China may be the world's largest car market, but increased air pollution has created a public backlash against the automobile.

It's also spurring the government to take action, and carmakers are likely to respond using the same suite of technologies they use in the rest of the world to cut emissions and boost fuel economy: smaller, more efficient engines with direct injection, transmissions with more gears, and start-stop and perhaps mild-hybrid systems.

New fuel-economy rules require new passenger cars to achieve 34 mpg by 2015, and 47 mpg by 2020.

In addition to stricter fuel economy standards, China is also tightening its emissions standards, which are based on the European system.

Euro 4 emissions standard took effect in China in July 2013, and the stricter Euro 5 standards will follow on January 1, 2018.

The push for fuel economy means China could become a major market for suppliers of fuel-saving technologies, such as direct-injection and mild-hybrid systems, according to a recent report in Wards Auto.

Audi Q3 Trans China Tour 2011

Audi Q3 Trans China Tour 2011

Bosch's common-rail diesel fuel-injection system, as well as gasoline direct-injection and turbocharging systems, are currently in demand in China.

The company's sales in the country grew 28 percent last year.

Bosch also anticipates mild-hybrid powertrains to become more prominent. The company is pushing a 48-volt system that includes engine start-stop, a booster for restarting the car, and regenerative braking.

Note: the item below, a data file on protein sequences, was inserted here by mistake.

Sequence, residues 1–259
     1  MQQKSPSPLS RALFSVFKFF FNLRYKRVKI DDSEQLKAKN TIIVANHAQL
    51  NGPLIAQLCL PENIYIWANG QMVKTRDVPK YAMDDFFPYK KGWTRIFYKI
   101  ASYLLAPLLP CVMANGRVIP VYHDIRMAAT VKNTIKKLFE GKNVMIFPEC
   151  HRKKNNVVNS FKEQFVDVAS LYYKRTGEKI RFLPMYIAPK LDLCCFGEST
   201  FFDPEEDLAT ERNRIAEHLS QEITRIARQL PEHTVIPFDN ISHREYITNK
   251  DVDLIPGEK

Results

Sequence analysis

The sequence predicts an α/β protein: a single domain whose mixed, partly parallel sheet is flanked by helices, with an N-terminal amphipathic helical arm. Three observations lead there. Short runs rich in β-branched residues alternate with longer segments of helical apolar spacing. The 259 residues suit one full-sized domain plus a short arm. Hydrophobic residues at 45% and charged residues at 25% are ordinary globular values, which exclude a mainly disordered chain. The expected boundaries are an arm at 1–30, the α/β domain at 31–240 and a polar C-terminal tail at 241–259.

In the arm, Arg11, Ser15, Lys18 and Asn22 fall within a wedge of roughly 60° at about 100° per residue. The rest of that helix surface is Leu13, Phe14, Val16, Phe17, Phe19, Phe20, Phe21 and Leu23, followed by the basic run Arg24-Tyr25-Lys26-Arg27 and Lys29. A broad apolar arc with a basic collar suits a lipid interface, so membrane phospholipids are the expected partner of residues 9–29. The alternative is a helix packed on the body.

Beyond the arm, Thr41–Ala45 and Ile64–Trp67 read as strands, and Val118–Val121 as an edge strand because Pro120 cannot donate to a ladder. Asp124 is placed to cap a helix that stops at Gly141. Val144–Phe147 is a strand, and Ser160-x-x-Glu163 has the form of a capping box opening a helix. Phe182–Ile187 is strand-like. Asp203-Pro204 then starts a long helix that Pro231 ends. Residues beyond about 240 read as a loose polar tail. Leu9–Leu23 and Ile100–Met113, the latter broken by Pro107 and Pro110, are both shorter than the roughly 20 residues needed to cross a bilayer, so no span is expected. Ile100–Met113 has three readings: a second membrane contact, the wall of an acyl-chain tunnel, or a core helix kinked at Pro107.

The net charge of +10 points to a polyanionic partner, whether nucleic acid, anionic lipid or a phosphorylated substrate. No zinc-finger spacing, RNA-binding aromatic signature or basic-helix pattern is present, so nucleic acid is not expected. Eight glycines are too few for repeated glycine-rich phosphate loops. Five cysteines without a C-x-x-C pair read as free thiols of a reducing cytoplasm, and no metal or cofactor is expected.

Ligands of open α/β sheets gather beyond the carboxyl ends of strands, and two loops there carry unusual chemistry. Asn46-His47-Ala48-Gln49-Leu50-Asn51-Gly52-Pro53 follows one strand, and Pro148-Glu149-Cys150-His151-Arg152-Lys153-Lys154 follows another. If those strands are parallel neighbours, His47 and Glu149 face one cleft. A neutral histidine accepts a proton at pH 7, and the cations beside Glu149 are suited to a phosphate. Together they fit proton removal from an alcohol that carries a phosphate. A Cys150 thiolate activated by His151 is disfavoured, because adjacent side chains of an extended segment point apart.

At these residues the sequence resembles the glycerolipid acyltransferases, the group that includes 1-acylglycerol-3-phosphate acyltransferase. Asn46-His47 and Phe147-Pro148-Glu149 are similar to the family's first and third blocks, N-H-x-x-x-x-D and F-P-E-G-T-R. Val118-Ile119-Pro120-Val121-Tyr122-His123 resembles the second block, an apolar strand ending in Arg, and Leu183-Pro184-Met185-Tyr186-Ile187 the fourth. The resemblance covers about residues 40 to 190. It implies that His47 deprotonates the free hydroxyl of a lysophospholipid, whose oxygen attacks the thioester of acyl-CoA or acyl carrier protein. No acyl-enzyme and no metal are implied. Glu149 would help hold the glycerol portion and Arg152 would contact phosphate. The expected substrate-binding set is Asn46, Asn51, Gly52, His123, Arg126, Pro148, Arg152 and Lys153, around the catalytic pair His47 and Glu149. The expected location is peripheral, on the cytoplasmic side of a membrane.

The supplier believes this system can boost fuel efficiency by up to 15 percent, and will add no more than $1,000 to the cost of a car in production form.

Manufacturers are also expected to downsize their engines, relying on turbocharging and direct injection to increase power.

BorgWarner expects half of all Chinese cars with 1.0-liter to 4.0-liter engines to be turbocharged by 2020, up from 25 percent three years ago.

To meet this expected demand, the company is building a new plant in the city of Taicang, which will grow its Chinese turbocharger production by 50 percent.

While stricter standards may force the adoption of more-efficient cars, the government's attempt to encourage adoption of electric cars hasn't been successful so far.

Like other countries, China offers purchase incentives--60,000 yuan (about $9,600) for electric cars, and 35,000 yuan ($5,600) for plug-in hybrids.

Yet these subsidies have been met with buyer resistance. Out of around 20 million new cars sold in 2013, just 17,600 were plug-ins.


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